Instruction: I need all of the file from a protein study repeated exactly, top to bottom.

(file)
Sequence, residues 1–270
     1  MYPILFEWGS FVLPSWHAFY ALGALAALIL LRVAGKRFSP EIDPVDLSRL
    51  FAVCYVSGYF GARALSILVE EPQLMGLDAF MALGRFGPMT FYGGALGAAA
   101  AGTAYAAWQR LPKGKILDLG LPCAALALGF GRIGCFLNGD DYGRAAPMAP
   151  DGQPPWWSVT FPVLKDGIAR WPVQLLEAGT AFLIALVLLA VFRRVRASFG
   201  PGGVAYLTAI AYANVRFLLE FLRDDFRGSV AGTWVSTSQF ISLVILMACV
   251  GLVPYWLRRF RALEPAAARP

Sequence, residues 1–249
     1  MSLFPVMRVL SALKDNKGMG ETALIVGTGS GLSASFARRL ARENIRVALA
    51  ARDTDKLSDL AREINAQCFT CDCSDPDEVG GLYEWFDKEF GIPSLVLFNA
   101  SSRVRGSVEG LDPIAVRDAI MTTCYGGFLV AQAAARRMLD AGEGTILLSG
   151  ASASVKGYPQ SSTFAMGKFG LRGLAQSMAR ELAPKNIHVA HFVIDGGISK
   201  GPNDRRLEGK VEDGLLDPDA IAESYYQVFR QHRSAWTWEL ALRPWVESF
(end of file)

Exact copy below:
Sequence, residues 1–270
     1  MYPILFEWGS FVLPSWHAFY ALGALAALIL LRVAGKRFSP EIDPVDLSRL
    51  FAVCYVSGYF GARALSILVE EPQLMGLDAF MALGRFGPMT FYGGALGAAA
   101  AGTAYAAWQR LPKGKILDLG LPCAALALGF GRIGCFLNGD DYGRAAPMAP
   151  DGQPPWWSVT FPVLKDGIAR WPVQLLEAGT AFLIALVLLA VFRRVRASFG
   201  PGGVAYLTAI AYANVRFLLE FLRDDFRGSV AGTWVSTSQF ISLVILMACV
   251  GLVPYWLRRF RALEPAAARP

Sequence, residues 1–249
     1  MSLFPVMRVL SALKDNKGMG ETALIVGTGS GLSASFARRL ARENIRVALA
    51  ARDTDKLSDL AREINAQCFT CDCSDPDEVG GLYEWFDKEF GIPSLVLFNA
   101  SSRVRGSVEG LDPIAVRDAI MTTCYGGFLV AQAAARRMLD AGEGTILLSG
   151  ASASVKGYPQ SSTFAMGKFG LRGLAQSMAR ELAPKNIHVA HFVIDGGISK
   201  GPNDRRLEGK VEDGLLDPDA IAESYYQVFR QHRSAWTWEL ALRPWVESF